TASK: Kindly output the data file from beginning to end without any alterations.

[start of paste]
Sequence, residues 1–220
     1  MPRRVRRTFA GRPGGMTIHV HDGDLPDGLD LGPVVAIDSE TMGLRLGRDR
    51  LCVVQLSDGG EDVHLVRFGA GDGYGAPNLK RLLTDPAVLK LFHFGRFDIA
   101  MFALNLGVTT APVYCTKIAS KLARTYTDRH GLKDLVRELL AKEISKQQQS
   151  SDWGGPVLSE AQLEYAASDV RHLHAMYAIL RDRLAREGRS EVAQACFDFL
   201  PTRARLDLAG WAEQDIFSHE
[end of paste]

Sequence, residues 1–220
     1  MPRRVRRTFA GRPGGMTIHV HDGDLPDGLD LGPVVAIDSE TMGLRLGRDR
    51  LCVVQLSDGG EDVHLVRFGA GDGYGAPNLK RLLTDPAVLK LFHFGRFDIA
   101  MFALNLGVTT APVYCTKIAS KLARTYTDRH GLKDLVRELL AKEISKQQQS
   151  SDWGGPVLSE AQLEYAASDV RHLHAMYAIL RDRLAREGRS EVAQACFDFL
   201  PTRARLDLAG WAEQDIFSHE